A new section of the Ozark Trail is currently under construction in Ozark National Scenic Riverways that will allow hikers to explore more of the scenic backcountry landscape of Shannon County.
The trail will provide new hiking options for visitors along the upper Current River and will also offer an opportunity for a multi-day hiking/floating adventure between Round Spring and Powder Mill.
Visitors can hike north on the Ozark Trail from Owls Bend/Powder Mill to the Laxton Hollow Trail, reaching the Himont Trailhead in the Roger Pryor Backcountry. From there trail users can continue on the Brushy Creek Trail to the Round Spring Campground along this new section.
Hikers will enjoy unique karst features and scenic overlooks along the Current River as they hike through the remote Roger Pryor Backcountry and enter Ozark National Scenic Riverways. Upon reaching Round Spring, hikers can become paddlers and return to Owls Bend by floating down the Current River to their original starting point.
This new trail will also connect to Echo Bluff State Park and continue on to Current River State Park. The entire trail connecting Roger Pryor Backcountry, Round Spring, Echo Bluff State Park, and Current River State Park has been designated as the Current River Trail. The Round Spring Section will be completed in 2017 and connected to the Echo Bluff trail in 2018.
The Current River Trail was first proposed nine years ago in June 2008 by John Roth of the Ozark Trail Association (OTA) and Greg Iffrig of the L-A-D Foundation. Volunteers from the OTA began working on the 5.5-mile section located in the Roger Pryor Backcountry in 2010 shortly after the initial approval of the proposed trail.
During this time the National Park Service began the lengthy regulatory review and approval through processes set forth in the National Environmental Policy Act (NEPA). The approval for the final 5.5-mile section within the park from Round Spring to the park boundary at Cabin Hollow was finally given in 2016.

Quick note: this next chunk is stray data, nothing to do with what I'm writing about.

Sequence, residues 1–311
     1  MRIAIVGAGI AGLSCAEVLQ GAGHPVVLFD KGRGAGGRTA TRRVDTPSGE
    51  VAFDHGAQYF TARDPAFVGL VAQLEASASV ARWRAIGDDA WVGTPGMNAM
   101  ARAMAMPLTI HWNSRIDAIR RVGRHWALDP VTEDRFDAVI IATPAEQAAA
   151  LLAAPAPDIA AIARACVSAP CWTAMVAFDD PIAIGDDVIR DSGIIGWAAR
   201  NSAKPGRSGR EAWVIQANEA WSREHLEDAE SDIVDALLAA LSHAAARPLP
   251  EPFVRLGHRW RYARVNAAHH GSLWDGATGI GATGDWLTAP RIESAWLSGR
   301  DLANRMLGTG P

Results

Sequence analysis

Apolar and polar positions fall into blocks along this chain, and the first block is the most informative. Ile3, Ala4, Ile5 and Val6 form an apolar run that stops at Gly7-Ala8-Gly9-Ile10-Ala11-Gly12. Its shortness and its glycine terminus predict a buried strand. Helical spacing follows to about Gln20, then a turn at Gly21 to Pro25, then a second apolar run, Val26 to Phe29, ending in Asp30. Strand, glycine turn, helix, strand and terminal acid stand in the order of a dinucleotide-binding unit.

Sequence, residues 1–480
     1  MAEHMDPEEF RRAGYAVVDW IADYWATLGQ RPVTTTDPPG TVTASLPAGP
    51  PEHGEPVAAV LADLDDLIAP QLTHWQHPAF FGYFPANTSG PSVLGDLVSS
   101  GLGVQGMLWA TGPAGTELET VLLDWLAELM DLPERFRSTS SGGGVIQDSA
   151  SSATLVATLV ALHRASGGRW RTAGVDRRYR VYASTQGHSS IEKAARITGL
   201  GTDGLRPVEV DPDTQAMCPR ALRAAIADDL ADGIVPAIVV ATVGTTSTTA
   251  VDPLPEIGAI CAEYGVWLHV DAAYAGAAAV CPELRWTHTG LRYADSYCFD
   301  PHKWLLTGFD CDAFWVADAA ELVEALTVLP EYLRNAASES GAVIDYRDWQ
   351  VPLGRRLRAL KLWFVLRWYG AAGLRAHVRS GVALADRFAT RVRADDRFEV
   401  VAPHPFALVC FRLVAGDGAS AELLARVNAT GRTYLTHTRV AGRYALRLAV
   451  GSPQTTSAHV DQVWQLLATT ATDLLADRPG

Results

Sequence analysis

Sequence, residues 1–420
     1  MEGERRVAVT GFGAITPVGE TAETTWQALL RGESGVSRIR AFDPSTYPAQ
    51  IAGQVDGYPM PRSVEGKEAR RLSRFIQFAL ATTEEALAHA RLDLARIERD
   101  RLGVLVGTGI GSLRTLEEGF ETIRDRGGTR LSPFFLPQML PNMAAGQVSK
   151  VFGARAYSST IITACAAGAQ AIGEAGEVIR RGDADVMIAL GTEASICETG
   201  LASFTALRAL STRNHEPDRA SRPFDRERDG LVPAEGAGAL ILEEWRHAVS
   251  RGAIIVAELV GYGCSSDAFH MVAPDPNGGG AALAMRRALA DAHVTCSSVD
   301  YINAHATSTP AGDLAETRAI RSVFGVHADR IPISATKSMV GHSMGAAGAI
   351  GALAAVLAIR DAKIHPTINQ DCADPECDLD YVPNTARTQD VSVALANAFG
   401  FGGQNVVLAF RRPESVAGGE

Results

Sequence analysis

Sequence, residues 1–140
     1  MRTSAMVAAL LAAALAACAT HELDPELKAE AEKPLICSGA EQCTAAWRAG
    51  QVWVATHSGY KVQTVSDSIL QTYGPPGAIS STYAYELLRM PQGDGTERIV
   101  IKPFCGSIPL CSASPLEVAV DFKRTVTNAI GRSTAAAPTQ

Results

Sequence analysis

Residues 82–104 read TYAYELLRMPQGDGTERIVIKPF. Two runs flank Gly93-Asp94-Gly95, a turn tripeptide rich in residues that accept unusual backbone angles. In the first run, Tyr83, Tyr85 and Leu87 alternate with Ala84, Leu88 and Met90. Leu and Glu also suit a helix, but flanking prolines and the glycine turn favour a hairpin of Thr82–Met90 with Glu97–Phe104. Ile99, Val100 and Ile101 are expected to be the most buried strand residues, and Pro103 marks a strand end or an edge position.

On Dec. 10, 2016, a group of 30 OTA volunteers gathered at Group Campsite Nine at Round Spring and walked across the pedestrian bridge spanning the Current River to make the first cut on this final section, bringing the nine-year-old dream to fruition.
The goal of everyone involved is to complete the Round Spring section in 2017. Several small trail building events are planned this year along with several “OTA Mega Events.” The small events usually include 10 to 20 volunteers working on weekends. Volunteers are able to complete 200 to 400 yards of new trail during the small weekend events.
The OTA Mega Events can attract 100 to 200 volunteers and yield close to one mile of new trail. Mega Events are a wonderful trail celebration with free camping, delicious outdoor meals, and entertainment for volunteers.
There are many positive outcomes from trail building activities for those involved. Working together on a difficult project often brings people closer and encourages long-lasting and meaningful relationships.
Volunteers from major metropolitan areas work alongside rural residents from the local community to accomplish a shared mission. Personal barriers soon disappear as camaraderie grows. It is impossible to build a rock wall, construct a switchback, or chisel rock steps without developing an appreciation for the people working with you.
Volunteers traveling to Shannon County to help with trail construction also benefit the community by participating in local events. Recently, 22 OTA volunteers attended a chili supper and pie auction benefiting the Timber Volunteer Fire Department. Local residents and volunteers from St. Louis, Springfield, and Columbia had a great time interacting and driving the pie auction bids higher.
At the end of the evening over $2,000 was raised for the community fire department. The most expensive pie was a chocolate turtle cheesecake baked by a Timber resident and purchased by the OTA president. This was a wonderful example of how everyone benefits from building trails, connecting communities and developing lifelong friendships.
You can preview the Current River Trail by starting at the Round Spring picnic area. Simply follow the paved trail along the spring branch and up the hill turning left toward the group campground area. Continue through the group campground to the pedestrian footbridge crossing the Current River.
At the north end of the footbridge you will see the new trail under construction, directly across Highway 19 from Carr’s Canoe Rental. Once on the new trail you will encounter two switchbacks and rock steps within the first half mile. Looking south across the Current River you will see the middle landing in the group campground. Hikers are welcome to continue to follow the Current River downstream on this trail as far as possible.
Trail work will continue with mega events at Round Spring scheduled for April 22-23, Oct. 7-8, and Oct. 28-29. All trail building events and details are posted on the OTA website at www.ozarktrail.com. You can also call the Round Spring Ranger Station at (573) 323-8093.
What could be better than building trails, developing lasting friendships, and connecting communities? Trails built by volunteers will be enjoyed for decades by visitors and members of the local community.
By Dena Matteson